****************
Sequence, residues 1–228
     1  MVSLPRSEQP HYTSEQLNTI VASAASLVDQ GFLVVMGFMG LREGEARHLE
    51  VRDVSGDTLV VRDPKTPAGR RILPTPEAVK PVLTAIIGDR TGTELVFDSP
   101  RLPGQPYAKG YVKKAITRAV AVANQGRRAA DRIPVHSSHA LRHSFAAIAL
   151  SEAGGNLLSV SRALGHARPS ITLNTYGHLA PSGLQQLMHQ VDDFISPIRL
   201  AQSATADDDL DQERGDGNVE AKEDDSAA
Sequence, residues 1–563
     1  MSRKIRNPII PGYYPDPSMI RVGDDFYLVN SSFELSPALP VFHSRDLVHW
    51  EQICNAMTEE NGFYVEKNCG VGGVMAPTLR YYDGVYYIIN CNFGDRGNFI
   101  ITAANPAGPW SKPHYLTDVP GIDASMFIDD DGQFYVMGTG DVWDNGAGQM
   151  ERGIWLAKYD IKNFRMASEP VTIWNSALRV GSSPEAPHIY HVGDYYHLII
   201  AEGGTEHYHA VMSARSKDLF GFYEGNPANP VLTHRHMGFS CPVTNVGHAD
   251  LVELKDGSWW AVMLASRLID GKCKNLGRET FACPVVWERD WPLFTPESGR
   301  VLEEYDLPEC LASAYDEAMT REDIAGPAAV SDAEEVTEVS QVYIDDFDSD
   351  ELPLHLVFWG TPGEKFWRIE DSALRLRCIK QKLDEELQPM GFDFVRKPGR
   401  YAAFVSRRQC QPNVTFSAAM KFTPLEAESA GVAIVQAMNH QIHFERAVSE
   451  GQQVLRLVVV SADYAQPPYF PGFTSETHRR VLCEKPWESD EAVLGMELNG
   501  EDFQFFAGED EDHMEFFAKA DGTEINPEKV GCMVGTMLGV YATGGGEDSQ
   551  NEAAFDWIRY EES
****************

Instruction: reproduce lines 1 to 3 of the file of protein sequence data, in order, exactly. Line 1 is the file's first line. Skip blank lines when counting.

Sequence, residues 1–228
     1  MVSLPRSEQP HYTSEQLNTI VASAASLVDQ GFLVVMGFMG LREGEARHLE
    51  VRDVSGDTLV VRDPKTPAGR RILPTPEAVK PVLTAIIGDR TGTELVFDSP